Russians refuse to check mass grave at Grozny

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The Independent Online
Human Rights organisations accused the Russian authorities yesterday of refusing to investigate the discovery of more than 50 corpses at a village close to the main Russian military base in Chechnya.

Human Rights organisations accused the Russian authorities yesterday of refusing to investigate the discovery of more than 50 corpses at a village close to the main Russian military base in Chechnya.

Vselevod Chernov, the Russian prosecutor, says the bodies were those of foreign mercenaries and many of them wore Turkish underwear, evidence that they were fighting for Chechen rebels.

Human rights campaigners suspect the dead, discovered in February, were Chechen civilians detained by Russian troops. Millions of Russians wear underclothing made in Turkey and the campaigners say this is the most absurd of many excuses made by Russian investigators for failing to identify the bodies. The corpses, showing signs of torture and military-style execution, were found six weeks ago in the village of Zdorovye near the Russian base at Khankala, close to the Chechen capital, Grozny.

Holly Cartner, executive director of the of the Europe and Central Asia division of Human Rights Watch, said: "The Russian government has focused its energy on denying any responsibility for the deaths." Campaigners believe the bodies are evidence that Russian forces in Chechnya are torturing and "disappearing" Chechen civilians picked up randomly.

Among the bodies buried near Khankala was Nina Lulueva, the wife of a judge. Last June, Mrs Lulueva and two cousins were detained by masked men when buying strawberries in a market in Grozny.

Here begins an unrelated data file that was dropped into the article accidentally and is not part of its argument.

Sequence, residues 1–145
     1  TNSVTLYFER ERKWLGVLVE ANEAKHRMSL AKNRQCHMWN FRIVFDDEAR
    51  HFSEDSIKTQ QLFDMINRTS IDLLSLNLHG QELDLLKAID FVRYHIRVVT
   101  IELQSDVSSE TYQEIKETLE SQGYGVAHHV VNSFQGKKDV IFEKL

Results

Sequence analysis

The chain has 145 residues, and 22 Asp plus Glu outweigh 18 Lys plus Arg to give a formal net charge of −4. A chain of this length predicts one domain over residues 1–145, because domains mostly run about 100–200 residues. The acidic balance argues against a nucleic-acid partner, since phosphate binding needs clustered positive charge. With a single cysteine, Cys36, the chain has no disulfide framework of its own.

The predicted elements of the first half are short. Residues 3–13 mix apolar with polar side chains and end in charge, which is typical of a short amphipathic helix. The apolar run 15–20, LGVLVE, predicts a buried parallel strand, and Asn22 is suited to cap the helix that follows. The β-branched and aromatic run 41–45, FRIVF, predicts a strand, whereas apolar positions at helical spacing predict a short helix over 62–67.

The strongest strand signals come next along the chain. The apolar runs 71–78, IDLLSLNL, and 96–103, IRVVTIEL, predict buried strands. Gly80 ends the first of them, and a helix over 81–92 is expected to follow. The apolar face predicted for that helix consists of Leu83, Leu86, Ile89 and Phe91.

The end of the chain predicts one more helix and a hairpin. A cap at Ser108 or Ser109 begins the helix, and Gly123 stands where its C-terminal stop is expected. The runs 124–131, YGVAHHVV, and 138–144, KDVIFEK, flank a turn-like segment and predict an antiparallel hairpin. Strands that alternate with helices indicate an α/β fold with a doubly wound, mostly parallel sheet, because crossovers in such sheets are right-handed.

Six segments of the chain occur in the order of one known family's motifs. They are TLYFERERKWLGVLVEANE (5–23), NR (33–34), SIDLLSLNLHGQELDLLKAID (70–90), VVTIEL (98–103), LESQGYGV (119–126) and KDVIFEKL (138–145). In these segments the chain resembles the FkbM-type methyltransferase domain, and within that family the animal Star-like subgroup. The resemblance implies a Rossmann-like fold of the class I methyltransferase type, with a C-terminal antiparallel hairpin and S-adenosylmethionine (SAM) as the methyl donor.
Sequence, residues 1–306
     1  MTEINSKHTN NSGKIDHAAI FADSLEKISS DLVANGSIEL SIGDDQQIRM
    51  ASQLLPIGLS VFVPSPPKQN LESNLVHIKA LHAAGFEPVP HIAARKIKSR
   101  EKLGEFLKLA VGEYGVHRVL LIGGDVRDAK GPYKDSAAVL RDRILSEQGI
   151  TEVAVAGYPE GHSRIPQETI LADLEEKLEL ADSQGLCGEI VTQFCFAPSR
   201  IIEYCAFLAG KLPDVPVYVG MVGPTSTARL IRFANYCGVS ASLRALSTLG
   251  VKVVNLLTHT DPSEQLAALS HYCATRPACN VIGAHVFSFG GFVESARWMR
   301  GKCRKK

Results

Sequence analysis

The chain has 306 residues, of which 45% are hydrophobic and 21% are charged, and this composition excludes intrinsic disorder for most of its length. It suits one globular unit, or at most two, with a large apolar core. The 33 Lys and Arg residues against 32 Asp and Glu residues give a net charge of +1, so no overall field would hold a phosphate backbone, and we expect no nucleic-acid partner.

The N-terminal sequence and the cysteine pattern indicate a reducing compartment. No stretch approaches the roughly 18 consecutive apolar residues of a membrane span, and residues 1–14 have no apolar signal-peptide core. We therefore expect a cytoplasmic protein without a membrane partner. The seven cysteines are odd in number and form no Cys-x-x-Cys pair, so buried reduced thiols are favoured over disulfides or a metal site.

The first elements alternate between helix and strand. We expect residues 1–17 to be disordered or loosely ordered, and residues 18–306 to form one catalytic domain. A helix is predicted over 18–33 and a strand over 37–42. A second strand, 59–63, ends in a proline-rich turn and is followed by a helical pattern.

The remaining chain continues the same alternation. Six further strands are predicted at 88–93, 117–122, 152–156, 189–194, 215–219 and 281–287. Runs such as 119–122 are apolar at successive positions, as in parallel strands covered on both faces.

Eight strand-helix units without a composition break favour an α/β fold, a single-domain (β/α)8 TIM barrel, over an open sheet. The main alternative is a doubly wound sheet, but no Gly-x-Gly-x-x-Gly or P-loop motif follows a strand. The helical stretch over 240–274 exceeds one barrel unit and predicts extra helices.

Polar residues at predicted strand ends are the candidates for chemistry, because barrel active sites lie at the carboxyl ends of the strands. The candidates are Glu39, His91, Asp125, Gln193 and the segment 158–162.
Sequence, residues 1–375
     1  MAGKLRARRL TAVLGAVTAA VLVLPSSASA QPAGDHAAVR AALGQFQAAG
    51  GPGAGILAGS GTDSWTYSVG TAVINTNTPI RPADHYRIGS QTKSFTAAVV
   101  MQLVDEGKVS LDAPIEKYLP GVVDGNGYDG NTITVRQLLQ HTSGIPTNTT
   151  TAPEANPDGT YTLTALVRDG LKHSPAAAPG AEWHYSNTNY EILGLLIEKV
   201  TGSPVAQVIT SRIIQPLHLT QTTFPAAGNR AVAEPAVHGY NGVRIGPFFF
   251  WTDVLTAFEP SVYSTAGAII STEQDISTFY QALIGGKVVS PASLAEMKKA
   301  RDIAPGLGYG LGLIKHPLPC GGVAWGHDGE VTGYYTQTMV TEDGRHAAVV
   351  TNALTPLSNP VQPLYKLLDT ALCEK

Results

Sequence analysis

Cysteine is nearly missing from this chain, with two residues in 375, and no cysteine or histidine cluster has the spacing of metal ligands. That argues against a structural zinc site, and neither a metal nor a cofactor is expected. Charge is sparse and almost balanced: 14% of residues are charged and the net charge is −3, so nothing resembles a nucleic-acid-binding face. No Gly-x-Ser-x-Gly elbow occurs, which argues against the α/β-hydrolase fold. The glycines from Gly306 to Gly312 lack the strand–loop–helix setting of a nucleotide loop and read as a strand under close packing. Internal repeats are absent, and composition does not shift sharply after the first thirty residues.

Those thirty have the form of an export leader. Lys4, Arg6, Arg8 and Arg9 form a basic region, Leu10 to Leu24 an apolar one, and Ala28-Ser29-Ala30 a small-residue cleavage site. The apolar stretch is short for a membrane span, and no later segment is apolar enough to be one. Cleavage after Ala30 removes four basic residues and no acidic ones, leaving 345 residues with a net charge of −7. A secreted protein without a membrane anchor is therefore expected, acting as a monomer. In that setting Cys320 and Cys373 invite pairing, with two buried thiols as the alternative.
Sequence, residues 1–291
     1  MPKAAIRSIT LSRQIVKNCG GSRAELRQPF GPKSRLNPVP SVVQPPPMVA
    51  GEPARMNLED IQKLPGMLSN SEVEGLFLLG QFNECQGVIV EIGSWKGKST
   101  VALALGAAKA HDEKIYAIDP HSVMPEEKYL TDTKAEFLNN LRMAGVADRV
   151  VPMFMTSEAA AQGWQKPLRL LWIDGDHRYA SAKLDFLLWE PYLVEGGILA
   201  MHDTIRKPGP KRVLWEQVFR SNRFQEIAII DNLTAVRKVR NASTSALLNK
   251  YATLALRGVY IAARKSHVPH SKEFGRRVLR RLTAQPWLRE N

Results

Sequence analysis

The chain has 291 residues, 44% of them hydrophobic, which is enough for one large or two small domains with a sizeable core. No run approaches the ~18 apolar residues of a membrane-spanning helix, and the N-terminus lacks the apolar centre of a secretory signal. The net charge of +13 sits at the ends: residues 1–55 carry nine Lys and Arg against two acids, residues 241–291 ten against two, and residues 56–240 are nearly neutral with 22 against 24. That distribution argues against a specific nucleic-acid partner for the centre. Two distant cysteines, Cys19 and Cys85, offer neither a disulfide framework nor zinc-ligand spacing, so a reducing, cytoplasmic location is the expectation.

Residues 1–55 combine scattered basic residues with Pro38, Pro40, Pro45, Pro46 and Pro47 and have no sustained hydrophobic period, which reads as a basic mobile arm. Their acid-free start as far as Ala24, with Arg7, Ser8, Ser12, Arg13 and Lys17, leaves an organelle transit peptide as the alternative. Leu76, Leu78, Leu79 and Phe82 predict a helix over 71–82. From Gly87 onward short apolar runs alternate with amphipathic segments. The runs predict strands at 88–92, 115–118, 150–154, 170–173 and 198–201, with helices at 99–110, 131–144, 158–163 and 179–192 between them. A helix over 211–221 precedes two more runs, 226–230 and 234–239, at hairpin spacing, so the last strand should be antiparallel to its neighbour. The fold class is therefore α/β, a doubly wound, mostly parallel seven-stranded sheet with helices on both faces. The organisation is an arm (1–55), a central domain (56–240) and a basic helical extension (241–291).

Human Rights Watch says all the victims appear to have been executed. Some bore signs of torture, including stab wounds, broken bones, scalped body parts and ears cut off. Many had their hands tied behind them and had been blindfolded. The 17 bodies that have been identified were people who had been detained by Russian soldiers.

In a sign that the international community, in contrast to the first months of the war, is now paying little attention to Russian actions in Chechnya, Mr Cartner says the Council of Europe human rights commissioner, Alvaro Gil-Robles, "inexplicably failed to visit the mass grave or view the 16 bodies that had been discovered at that time". Immediately after the first bodies were found Russian troops sealed off the area and said the corpses had been booby-trapped.

The grim discovery close to Khankala is evidence that several thousand Chechens who have disappeared after being detained by Russian forces are dead.

Anna Politkovskaya, a reporter for Novaya Gazeta, accused a unit of paratroops in southern Chechnya of routinely kidnapping Chechen civilians and holding them in deep pits until their relatives paid a ransom.

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